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. central and south america, guerrilla groups are hiding in the mountains where the coffee is grown and often drug cartels. it's a big part of the job in those parts of the world. >> let me run a clip. you're in ethiopia, sleeping under a truck because you're trying to avoid robbers, which is bad. then it gets much worse. let's play that. >> that, my friend, guaranteed 100%. that is a male spotted hyena. hear that moan? that moo? when a hyena eats an animal, it eats its hooves, teeth, skull. they do it while the animal is living. i'm telling you what, that is not a way to go. >> no kidding. >> yeah. >> what is the most dangerous situation you've ever found yourself in? >> couple of years ago, i think the worst was in angola and i got caught up in a riot, ended up getting stabbed, punctured my right lung. wrong place at the wrong time. i was very interested in the re-emergence of the country as a coffee country and came in a little too er, i think. >> what's the best cup of coffee you've come across? >> that is so not the best cup of coffee from the green room. >> i can't believe you
? i will talk about the bricks in a minute. i am talking about south america, eastern europe, parts of asia. why do i love this story? it is basic macroeconomics. the key ingredients that drive growth. we know the story of debt, deficit, fiscal cliff. we know that the story of the aging population and financing, if you look at the statistics are round or they measure the performance in mathematics, science, and reading, you can see where the problem is. today, they were in the number 27, 28, and so on. productivity generally is the x factor that accommodates for 60% of why one country grows and another does not. generally, it includes things like political dynamic, so we know what is happening there. that is not my prediction. look at this framework, capital, labor, productivity. you will see why i am incredibly bullish. in terms of capital, these economies by a large did not have the debt burden that other countries are facing right now. why is that important? these countries are not suffering from a deal leveraging problem. 60%-70% is under the age of 25. in you got there, over 50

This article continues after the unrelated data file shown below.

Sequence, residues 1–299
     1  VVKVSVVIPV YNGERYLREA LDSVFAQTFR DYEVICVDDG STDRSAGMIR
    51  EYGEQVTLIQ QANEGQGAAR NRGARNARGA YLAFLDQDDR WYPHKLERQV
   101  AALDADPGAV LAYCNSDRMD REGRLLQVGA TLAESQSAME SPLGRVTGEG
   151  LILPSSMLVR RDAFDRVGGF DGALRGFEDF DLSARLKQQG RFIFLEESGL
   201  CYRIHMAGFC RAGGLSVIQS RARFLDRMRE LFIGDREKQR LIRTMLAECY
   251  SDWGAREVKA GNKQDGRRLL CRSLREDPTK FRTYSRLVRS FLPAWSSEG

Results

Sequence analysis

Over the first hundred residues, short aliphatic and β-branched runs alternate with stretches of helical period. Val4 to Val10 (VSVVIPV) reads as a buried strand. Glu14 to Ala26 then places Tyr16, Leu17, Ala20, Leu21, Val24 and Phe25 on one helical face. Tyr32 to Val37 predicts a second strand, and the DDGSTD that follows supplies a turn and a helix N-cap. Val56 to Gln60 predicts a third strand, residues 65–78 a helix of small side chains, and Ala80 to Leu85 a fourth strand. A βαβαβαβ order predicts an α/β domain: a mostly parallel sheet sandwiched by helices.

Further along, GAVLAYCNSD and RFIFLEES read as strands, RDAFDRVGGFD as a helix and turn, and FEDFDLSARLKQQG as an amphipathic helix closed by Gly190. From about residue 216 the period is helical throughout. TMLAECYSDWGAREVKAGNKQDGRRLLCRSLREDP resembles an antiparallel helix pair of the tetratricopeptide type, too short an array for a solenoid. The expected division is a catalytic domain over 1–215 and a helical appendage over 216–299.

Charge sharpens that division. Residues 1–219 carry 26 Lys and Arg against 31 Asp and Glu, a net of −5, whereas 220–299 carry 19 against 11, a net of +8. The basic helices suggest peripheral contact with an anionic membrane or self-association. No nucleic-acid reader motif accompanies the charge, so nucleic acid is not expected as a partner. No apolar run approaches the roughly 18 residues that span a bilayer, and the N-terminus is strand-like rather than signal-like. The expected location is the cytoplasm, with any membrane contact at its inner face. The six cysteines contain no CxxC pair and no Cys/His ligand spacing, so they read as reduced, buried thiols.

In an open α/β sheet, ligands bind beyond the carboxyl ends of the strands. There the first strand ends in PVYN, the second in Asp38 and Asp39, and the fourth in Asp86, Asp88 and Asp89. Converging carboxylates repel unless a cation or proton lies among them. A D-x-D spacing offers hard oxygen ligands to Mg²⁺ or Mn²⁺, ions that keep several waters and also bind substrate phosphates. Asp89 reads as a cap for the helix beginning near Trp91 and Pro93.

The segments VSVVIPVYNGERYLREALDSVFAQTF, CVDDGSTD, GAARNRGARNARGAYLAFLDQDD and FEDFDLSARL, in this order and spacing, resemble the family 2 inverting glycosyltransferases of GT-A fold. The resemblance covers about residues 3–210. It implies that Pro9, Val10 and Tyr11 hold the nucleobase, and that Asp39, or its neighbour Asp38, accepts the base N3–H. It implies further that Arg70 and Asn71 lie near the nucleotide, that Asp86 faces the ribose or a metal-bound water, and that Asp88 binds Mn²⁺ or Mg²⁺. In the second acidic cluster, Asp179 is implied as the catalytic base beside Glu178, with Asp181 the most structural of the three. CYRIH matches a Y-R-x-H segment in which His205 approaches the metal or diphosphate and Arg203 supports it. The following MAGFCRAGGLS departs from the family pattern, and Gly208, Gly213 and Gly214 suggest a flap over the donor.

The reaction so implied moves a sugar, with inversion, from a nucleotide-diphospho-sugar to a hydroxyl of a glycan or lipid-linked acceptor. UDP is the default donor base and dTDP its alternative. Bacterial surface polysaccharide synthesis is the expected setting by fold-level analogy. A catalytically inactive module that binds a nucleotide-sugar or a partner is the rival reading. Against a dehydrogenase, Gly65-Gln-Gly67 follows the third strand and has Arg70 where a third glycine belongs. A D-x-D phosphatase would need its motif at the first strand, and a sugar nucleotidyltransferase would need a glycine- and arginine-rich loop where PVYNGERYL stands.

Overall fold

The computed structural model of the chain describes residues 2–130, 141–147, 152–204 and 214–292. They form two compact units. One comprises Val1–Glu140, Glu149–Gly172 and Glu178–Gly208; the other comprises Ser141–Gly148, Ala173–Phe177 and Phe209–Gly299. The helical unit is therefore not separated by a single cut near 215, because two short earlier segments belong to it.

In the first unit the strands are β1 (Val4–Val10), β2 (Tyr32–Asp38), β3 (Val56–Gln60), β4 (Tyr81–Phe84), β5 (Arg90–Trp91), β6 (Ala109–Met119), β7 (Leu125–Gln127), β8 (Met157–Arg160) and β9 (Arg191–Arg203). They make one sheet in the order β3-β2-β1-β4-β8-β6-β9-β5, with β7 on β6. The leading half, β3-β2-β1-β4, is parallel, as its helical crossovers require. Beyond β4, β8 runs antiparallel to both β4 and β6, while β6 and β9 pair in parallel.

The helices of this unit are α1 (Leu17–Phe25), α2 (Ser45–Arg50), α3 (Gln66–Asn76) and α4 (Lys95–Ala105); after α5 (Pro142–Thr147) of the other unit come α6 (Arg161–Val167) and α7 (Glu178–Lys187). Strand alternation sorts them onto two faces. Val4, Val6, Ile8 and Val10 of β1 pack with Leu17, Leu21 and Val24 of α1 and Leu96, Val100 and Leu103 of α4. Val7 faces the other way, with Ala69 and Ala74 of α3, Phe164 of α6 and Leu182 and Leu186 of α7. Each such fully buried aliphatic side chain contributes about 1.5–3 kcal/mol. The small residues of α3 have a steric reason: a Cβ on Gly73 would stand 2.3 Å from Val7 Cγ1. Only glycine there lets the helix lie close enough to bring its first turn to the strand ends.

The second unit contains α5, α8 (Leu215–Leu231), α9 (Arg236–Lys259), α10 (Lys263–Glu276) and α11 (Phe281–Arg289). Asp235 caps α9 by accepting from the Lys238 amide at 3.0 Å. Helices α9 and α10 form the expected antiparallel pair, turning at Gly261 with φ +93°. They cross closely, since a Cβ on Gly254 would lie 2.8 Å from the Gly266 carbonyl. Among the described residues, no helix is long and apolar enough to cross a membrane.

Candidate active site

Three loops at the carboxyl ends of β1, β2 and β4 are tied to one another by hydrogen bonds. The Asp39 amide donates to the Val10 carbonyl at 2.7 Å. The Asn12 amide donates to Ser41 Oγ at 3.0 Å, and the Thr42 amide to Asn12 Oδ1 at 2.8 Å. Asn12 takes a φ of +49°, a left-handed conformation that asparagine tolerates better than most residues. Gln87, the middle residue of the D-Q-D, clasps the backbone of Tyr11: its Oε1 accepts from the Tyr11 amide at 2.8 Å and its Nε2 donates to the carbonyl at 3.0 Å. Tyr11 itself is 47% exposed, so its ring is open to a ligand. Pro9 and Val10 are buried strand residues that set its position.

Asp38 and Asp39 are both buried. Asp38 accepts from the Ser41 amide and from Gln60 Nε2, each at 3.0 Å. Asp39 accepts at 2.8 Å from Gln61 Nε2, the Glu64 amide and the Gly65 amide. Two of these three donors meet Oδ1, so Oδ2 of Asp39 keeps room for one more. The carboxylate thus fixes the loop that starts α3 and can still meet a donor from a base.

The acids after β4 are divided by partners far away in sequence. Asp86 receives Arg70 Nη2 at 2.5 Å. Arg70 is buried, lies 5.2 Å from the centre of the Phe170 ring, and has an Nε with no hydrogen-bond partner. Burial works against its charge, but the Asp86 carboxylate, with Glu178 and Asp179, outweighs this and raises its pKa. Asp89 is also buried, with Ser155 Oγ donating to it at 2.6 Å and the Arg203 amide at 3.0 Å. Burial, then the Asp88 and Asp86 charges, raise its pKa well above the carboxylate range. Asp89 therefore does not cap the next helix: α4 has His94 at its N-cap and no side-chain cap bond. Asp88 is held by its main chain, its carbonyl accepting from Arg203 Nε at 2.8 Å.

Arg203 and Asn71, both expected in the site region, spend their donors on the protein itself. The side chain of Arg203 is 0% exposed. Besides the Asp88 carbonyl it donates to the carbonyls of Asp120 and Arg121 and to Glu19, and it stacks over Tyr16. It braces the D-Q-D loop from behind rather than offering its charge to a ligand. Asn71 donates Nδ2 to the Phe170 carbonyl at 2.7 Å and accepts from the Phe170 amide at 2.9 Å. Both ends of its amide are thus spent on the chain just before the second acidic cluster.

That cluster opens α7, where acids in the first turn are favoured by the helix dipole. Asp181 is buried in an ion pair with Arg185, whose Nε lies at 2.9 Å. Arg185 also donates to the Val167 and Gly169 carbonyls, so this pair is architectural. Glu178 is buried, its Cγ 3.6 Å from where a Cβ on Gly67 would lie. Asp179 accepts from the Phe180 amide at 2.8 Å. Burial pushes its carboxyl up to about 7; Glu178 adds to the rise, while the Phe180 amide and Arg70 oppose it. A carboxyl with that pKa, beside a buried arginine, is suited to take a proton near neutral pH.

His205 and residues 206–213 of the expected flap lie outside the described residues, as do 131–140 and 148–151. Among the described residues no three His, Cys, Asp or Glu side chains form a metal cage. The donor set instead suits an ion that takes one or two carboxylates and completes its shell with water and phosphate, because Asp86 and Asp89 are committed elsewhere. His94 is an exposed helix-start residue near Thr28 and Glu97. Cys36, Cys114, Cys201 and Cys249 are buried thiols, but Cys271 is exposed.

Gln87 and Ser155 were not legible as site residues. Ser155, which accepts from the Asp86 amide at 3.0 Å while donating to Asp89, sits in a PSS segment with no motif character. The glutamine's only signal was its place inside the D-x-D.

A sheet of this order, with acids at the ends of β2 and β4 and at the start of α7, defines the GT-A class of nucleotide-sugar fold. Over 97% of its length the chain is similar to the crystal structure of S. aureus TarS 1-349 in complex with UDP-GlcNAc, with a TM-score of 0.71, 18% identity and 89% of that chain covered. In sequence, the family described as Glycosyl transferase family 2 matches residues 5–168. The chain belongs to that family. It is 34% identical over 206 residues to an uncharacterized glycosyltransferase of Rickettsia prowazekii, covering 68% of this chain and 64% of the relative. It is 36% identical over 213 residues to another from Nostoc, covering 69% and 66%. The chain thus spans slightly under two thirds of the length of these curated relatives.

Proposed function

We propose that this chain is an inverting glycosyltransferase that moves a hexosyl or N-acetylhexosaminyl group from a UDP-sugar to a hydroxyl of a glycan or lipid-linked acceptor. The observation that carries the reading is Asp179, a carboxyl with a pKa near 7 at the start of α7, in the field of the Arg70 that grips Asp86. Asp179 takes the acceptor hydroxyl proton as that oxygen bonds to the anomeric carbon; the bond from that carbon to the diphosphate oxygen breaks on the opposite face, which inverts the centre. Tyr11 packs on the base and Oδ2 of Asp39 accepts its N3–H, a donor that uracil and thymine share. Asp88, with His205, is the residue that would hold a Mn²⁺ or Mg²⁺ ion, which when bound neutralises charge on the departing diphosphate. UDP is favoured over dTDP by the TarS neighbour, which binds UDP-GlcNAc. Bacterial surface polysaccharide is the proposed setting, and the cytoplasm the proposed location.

. we have a great group who truly understands we are here to represent the great state of south carolina and the citizens of america, and i thank them all for their friendship. finally, i'd like to thank all of my colleagues here in the house. we may not always agree on things, but we are here for a reason, to try and make this nation better. as i prepare to move to the united states senate, it is that belief that makes me incredibly optimistic about our future. the battles of today will in the future be seen as a positive turning point for our nation where we got our fiscal house back in order and revitalized the american dream for our children and our grandchildren. i look forward to continuing to serve the res. dents -- residents of south carolina, some of the most passionate people in our nation, and i will never forget my time here in the people's house where we worked every single day to build a brighter future for our nation. thank you. the speaker pro tempore: pursuant to clause 12-a of rule 1, the chair declares the house in recess until 10:00 a.m. you and also on our w
to uniformerly provide lifetime secret service protection to all of america's former presidents. i want to thank the gentleman from south carolina, mr. gowdy, and the gentleman from virginia, mr. scott, for sponsoring this commonsense bipartisan legislation. america has a responsibility to protect its presidents and its families and not simply while they serve in office. we also have a duty to ensure the ongoing safety of those who serve in america's highest elected office after they leave office. in 1958 congress first authorized secret service protection for former presidents, which was limited to a reasonable period of time after a president leaves office. congress expanded this to lifetime protection in 1965. but in 1994, congress once again limited secret service protection for former presidents. this time to 10 years after a president leaves office. this 10-year restriction applied to presidents who took office after january 1, 1997. the role of the former president has changed throughout the years. former presidents now have a global presence and are often seen as de facto representatives
Search Results 0 to 3 of about 4